Send to

Choose Destination
J Immunol. 2006 Jan 15;176(2):1266-73.

Ex vivo-expanded CD4+CD25+ immunoregulatory T cells prevent graft-versus-host-disease by inhibiting activation/differentiation of pathogenic T cells.

Author information

Biologie et Thérapeutique des Pathologies Immunitaires, Hôpital Pitié-Salpêtrière, Paris, France.


CD4+CD25+ immunoregulatory T cells (Tregs) can be administered to inhibit graft-vs-host disease (GVHD) while preserving graft-vs-leukemia activity after allogeneic bone marrow transplantation in mice. Preclinical studies suggest that it is necessary to infuse as many Tregs as conventional donor T cells to achieve a clinical effect on GVHD. Thus, it would be necessary to expand Tregs ex vivo before transplantation. Two strategies have been proposed: expansion of Tregs stimulated by anti-CD3/CD28-coated microbeads for polyclonal activation or by host-type allogeneic APCs for selecting Tregs specific for host Ags. In this study, we describe the mechanisms by which ex vivo-expanded Tregs act on donor T cells to prevent GVHD in mice. We demonstrate that expanded Tregs strongly inhibited the division, expansion, and differentiation of donor T cells, with a more pronounced effect with Tregs specific for host Ags. These latter cells permit the efficient and durable control of GVHD and favor immune reconstitution.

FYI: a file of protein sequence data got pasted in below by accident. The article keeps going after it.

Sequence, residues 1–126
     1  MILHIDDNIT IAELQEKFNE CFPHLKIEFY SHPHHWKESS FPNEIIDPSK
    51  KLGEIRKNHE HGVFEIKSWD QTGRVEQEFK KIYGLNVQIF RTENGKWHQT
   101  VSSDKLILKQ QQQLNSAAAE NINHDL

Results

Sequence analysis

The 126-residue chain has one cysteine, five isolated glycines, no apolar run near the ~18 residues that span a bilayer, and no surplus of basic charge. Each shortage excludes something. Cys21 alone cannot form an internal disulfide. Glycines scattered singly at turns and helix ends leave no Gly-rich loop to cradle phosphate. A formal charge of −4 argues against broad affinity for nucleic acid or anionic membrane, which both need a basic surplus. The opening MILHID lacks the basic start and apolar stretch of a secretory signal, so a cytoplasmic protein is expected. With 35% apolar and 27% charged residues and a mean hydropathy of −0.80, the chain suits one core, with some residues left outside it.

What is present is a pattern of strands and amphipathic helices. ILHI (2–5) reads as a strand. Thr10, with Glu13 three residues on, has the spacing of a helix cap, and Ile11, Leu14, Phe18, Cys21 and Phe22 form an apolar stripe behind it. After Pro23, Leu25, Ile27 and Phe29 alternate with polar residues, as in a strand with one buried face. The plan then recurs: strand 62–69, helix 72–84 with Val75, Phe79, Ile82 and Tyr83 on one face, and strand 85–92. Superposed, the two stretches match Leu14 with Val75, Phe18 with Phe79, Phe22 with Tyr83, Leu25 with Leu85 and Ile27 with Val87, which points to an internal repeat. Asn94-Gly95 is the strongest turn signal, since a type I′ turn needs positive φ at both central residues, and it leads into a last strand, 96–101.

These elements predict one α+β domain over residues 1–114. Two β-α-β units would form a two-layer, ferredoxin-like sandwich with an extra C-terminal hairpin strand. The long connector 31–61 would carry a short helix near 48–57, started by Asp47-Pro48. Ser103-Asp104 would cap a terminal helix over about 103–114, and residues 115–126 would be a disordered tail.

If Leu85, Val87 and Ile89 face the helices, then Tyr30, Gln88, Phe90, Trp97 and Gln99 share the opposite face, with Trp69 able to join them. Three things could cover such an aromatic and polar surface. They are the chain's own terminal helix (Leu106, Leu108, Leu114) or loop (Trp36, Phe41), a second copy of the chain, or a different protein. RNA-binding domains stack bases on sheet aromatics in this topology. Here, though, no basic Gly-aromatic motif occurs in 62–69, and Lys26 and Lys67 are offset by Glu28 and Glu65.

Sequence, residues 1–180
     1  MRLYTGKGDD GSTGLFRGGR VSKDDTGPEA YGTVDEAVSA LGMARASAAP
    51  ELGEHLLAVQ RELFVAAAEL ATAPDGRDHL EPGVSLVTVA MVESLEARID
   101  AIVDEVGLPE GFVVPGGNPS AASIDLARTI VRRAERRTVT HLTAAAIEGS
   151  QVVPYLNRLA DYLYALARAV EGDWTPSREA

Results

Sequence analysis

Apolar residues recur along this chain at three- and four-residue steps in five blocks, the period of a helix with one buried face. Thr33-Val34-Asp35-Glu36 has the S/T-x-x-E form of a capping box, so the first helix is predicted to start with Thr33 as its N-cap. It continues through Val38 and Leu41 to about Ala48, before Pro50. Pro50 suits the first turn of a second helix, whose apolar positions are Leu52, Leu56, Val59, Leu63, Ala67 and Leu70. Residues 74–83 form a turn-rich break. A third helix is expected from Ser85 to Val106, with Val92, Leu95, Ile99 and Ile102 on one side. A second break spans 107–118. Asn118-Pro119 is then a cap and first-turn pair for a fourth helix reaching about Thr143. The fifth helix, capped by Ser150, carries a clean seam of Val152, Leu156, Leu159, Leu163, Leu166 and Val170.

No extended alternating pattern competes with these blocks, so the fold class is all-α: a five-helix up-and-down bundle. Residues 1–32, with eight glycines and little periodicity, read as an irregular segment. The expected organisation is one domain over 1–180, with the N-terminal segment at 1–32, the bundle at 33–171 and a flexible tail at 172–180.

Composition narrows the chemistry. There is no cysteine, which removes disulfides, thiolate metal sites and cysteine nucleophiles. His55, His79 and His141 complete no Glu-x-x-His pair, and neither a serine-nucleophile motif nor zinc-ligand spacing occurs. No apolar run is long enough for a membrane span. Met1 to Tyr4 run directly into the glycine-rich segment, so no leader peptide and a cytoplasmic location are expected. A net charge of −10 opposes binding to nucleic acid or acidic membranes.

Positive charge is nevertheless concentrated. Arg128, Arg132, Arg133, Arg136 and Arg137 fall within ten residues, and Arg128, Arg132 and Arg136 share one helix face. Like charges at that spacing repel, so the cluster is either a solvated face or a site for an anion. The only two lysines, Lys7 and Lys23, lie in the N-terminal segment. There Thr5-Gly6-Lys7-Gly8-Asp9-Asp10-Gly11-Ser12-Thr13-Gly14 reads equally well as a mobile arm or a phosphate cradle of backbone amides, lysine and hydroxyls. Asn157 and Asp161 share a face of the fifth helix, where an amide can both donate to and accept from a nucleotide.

[Indexed for MEDLINE]
Free full text

Supplemental Content

Full text links

Icon for HighWire
Loading ...
Support Center